Many, many years ago I fell in love with an old Alfa Romeo Spider. I’d never really been that much into cars, nor did I have any money to spend on anything truly classic, but there was something about this particular car that looked, felt and smelled unique compared to the normal bargain basement vehicles I had owned up until this point. With some help from the bank and some discipline about not going out for many months, I managed to get a loan, save up some money, haggle with the owner and drive away with a smile on my face and the wind in my hair. (In the five years I owned the car there must have been only three occasions where I was forced by extreme weather to have the roof up!)
Like any relationship, over time you start to become aware of some little foibles. I began to notice that the indicators would occasionally flicker for no reason (I learnt that this could be resolved with a random kick in the area somewhere under the steering wheel!) I discovered that there was a growing tear in the rear window of the soft top (I could live with this I very rarely had the roof up). Then, one day, whilst travelling in convoy with some friends, I discovered that the speedometer was out by around 10 mph depending on what speed I was travelling at. This meant that when I believed I was travelling at 30mph I was actually traveling at anything up to 40mph! I was thankful that I’d discovered this before getting a speeding fine and decided I needed to get it repaired as soon as possible. Unfortunately it was at this time that I learnt why most people don’t drive around in old Alfa Romeo Spiders – the cost of spares is extortionate. I could barely afford to keep the car on the road anyway so there was no way I could fork out the two to three hundred pounds a replacement speedometer and associated bits and pieces was going to cost. (I seem to remember that I was going to have to replace almost two thirds of the entire dashboard!) Rather than stop driving the car I decided I needed to adapt and learnt to mentally correct for the error, calculating the actual speed versus the indicated speed. Over time, this became more and more automatic and I was able to have a happy 5 years driving without any incident before I reluctantly decided to sell the car for something more practical with my imminent fatherhood in mind.
I’d forgotten about the old Alfa speedometer until this week when I attended a workshop entitled “Leadership as a Performing Art” convened by Robert Poynton, Paul Hedley and Danish conductor/musician Peter Hanke. During the workshop, a group of participants and I worked with a small and incredibly talented choral choir. The pinnacle of this wonderfully intense personal development experience was the opportunity to step in front of the entire group (singers and participants) and conduct the choir.
I stepped forward not knowing what song the choir were going to sing when I began to move. I had no idea what to do with my hands so decided I just needed to experiment and see how they responded. I began moving cautiously and some beautiful sounds emerged. After around 45 seconds the piece ended and we all reflected on what had happened. I remarked that, whilst the music was beautiful, I didn’t really feel connected to the group and Rob challenged me by asking whether I was actually leading them! I realised that, although there were moments where I felt I was leading, I was actually following, very subtly, at an almost undetectable fraction of a second behind the singers. On reflection it was like I had been conducting a musical recording – it leading me rather than me leading it.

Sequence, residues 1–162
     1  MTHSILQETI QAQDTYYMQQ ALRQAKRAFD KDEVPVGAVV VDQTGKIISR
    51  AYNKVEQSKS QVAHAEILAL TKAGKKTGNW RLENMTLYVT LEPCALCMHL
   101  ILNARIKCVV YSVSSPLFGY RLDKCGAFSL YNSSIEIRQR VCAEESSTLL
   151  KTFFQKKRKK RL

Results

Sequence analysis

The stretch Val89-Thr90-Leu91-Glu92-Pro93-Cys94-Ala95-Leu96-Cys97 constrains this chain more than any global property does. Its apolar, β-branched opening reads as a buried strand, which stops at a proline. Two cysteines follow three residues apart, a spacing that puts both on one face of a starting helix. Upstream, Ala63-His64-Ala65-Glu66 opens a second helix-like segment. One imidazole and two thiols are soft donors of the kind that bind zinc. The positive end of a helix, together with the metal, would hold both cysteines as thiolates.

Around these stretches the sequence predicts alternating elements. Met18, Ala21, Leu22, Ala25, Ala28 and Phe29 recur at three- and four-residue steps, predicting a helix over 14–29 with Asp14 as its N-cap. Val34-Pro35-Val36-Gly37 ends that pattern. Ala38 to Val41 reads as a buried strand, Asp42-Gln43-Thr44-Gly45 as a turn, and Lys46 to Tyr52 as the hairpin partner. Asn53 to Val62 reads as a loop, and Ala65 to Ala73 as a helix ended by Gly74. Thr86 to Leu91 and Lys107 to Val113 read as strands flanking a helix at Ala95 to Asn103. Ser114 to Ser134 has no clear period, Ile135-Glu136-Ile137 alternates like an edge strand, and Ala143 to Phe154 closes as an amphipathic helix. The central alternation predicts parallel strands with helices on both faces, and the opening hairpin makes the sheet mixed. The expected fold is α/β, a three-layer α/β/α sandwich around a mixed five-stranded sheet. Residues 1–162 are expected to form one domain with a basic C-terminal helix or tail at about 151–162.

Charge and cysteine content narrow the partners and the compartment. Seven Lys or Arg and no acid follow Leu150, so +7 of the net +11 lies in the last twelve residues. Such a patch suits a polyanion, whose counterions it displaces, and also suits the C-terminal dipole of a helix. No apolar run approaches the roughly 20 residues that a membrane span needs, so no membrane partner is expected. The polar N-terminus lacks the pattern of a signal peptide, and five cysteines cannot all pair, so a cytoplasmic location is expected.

I tried again, deciding that this time I would be bolder, take braver decisions and move my hands in a more assertive way. It was better. I felt connected with the singers and that this time I was leading them. There was still something missing though and, as we once again reflected, I began to wonder if the intensity of the movement that I experienced in myself was a lot higher for me than it was for the singers. It was at this moment that my old Alfa speedometer came to mind. I wondered if my internal ‘personal intensity’ gauge was out of calibration and, rather than reading too high, it was reading too low. “I want to try again and I’m going to try hard to be over the top” I told the group. “I‘m going to try and be a really intense, overly dominating conductor who will annoy you all.” I began conducting, moving and taking bold decisions that I felt were going to be too much for the singers. I moved my arms in what I felt was an overly exaggerated way, I emphasised timing and texture in a way that made me feel like I was a scarecrow in a hurricane. The choir responded beautifully. The piece ended. It was the best of the three pieces I had conducted and, in that moment, I realised how much my internal dashboard of myself was out of calibration.
This is something I often notice in others in my coaching work and it seems, once again, that it is a case of what one notices in others is also present in oneself to some degree. I have decided, on the back of the choir experience, that I am going to start to take some of my own advice more seriously. I’m going to experiment with making things bigger – if I feel I’m operating at an 8 then I’m going to aim for a 12 and see what happens. I’m going to experiment by making things smaller – if I habitually do some things at a 5 or a 4 then I’m going to try doing them at a 2 or a 1 and see what the effect is. A fear of personal failure would normally prevent me from experimenting in this way but now that I have developed a playful and experimental curiosity around the dashboard metaphor, any failures I experience are more likely to be happy ones as I will have learnt something very valuable.
So, if you’ve not calibrated your internal dashboard of yourself for a while it may be worth booking in for an MOT!** A compulsory test for vehicle safety and emissions in the UK